You are here


Essential facts: Mpox

October 06, 2022

mpox virus at microscopic cellular level

Photo credit: LumerB/Getty Images

Mpox (previously known as monkeypox) is a public health emergency both in the U.S. and around the world.

“Following the COVID-19 pandemic, the mpox epidemic serves as a further alarm for the need to improve our systems for public health response and ensure rapid access to diagnostic tests, vaccines and treatments,” says Dr. Timothy Mastro, FHI 360’s chief science officer. “There are many endemic diseases around the world for which there are not comprehensive epidemic control measures. The mpox outbreak is a reminder that we need to strengthen disease detection, prevention and control measures.”

Here’s what you need to know about mpox.

What is mpox, and is it a new virus for humans?

Mpox is caused by a virus in the genus Orthopoxvirus, which includes smallpox. Mpox is mild compared to smallpox but can cause death in 1–5% of cases.

Mpox was first identified in humans in the Democratic Republic of the Congo (DRC) in 1970, after being first identified in laboratory monkeys in Denmark in 1958. It is endemic — meaning it is consistently present but usually limited to a particular region — in Central and West Africa, specifically Cameroon, Central African Republic, the DRC, Nigeria and Sierra Leone.

What is new about the current outbreak is that cases of the disease are being reported in countries where the disease has never been detected or reported previously.

How did we get here?

During May 2022, a large multi-country mpox outbreak was first reported, with a cluster of cases in the U.K. that were linked to travel in Nigeria. Cases rapidly spread across several European countries as well as North and South America.

On July 23, 2022, the World Health Organization (WHO) declared mpox a public health emergency of international concern — the highest public health alert. The U.S. Centers for Disease Control and Prevention (CDC) declared mpox a public health emergency on August 4, 2022.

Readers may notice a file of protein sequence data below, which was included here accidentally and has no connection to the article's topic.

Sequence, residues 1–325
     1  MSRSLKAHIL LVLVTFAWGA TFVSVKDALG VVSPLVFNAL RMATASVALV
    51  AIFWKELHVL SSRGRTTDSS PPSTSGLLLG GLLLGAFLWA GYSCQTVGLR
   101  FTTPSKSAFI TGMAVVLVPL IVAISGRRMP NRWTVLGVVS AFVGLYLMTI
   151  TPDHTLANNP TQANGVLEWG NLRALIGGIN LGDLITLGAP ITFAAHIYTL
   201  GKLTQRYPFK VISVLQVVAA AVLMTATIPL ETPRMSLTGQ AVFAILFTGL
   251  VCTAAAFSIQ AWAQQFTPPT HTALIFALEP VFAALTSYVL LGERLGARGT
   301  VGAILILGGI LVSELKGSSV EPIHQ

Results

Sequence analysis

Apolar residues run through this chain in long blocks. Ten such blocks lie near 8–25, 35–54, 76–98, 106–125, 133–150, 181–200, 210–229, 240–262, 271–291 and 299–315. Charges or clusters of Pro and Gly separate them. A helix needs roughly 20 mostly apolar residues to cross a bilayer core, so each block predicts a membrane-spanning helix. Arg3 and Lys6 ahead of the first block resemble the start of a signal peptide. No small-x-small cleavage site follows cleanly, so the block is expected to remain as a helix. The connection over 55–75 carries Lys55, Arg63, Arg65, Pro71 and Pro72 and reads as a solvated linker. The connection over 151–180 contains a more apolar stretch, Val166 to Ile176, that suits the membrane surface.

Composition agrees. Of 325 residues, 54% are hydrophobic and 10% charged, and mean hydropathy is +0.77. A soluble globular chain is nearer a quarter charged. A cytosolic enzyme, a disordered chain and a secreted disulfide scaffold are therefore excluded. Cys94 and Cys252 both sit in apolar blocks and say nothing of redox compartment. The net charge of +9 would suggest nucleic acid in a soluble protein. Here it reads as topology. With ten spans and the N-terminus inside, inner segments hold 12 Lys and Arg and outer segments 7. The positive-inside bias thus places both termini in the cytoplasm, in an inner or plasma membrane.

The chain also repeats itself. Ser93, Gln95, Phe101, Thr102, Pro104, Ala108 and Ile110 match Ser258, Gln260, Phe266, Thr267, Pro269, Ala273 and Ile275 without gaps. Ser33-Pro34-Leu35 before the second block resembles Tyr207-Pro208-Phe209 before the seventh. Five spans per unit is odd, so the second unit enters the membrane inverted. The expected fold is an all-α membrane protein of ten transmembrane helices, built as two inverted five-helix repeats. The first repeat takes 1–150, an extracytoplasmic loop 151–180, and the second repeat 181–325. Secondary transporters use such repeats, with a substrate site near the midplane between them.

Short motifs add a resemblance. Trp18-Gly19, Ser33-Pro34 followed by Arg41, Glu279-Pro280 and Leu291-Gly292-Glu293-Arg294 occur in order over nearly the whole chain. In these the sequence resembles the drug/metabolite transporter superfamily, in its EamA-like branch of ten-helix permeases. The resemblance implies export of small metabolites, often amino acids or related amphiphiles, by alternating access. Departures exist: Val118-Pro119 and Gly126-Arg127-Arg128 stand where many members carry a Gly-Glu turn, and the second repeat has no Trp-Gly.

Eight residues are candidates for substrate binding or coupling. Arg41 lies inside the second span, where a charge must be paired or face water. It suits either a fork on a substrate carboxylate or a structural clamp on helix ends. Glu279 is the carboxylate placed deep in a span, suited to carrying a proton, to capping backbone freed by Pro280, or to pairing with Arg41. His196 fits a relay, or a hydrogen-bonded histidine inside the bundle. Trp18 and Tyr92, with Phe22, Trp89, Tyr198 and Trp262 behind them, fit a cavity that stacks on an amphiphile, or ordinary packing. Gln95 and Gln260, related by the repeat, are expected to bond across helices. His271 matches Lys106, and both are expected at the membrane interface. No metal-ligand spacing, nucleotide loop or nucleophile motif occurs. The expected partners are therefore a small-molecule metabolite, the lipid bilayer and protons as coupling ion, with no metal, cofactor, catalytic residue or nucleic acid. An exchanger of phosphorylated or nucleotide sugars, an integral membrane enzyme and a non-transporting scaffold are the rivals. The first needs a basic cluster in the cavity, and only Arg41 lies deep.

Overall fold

Wasn’t this disease previously called monkeypox?

Yes, the virus was previously known as monkeypox because it was first seen in research monkeys. The WHO changed the name to mpox in November 2022, saying the term monkeypox could be construed as stigmatizing and racist.

How widespread is mpox? Where can I find current statistics?

The mpox epidemic has been changing rapidly throughout 2022. To obtain current statistics on the global outbreak, we recommend two primary data sources, both of which include visualizations:

Who is at risk of contracting mpox?

Anyone who has close contact with someone with mpox can get the disease, regardless of age, sexual orientation or gender identity.

Still, the current global outbreak has some defining characteristics. As of December 9, 2022:

  • Among cases with known data on sexual orientation, 86% are among those who identify as gay or bisexual as well as other men who have sex with men. Among cases with available data, 97% of cases are male, and the median age is 34 years.
  • Among cases with available data, males between 18- and 44-years-old account for 79% of cases.
  • A sexual encounter was the most commonly reported type of transmission, comprising 70% of all reported transmission events.

(Source: WHO 2022 Mpox Outbreak: Global Trends dashboard).

How is mpox spread? What are the symptoms?

Mpox can spread to anyone through:

  • Direct contact with skin lesions or body fluids from someone with mpox. Direct contact can also happen during intimate contact, such as through vaginal, oral or anal sex, with someone who has mpox.
  • Prolonged contact with respiratory secretions from someone who has mpox.
  • Through kissing, hugging, massage and other face-to-face contact.
  • Contact with objects, fabrics and surfaces that have been used or touched by someone with mpox.

The incubation period is 3–21 days, and it can be spread from the time symptoms start until the rash has fully healed.

Mpox symptoms usually start within three weeks of exposure to the virus. Early on, symptoms can include fever, headache, swelling of the lymph nodes, back pain, muscle aches and lack of energy. Typically, painful skin lesions develop one to four days after onset of fever. These rashes commonly present as blisters on the face, hands, feet, eyes, mouth or genitals.

(Source: U.S. CDC.)

How is mpox diagnosed?

For people in whom mpox is suspected, if they present with skin lesions, a health care professional will take a specimen of lesion material and send it to a laboratory for testing.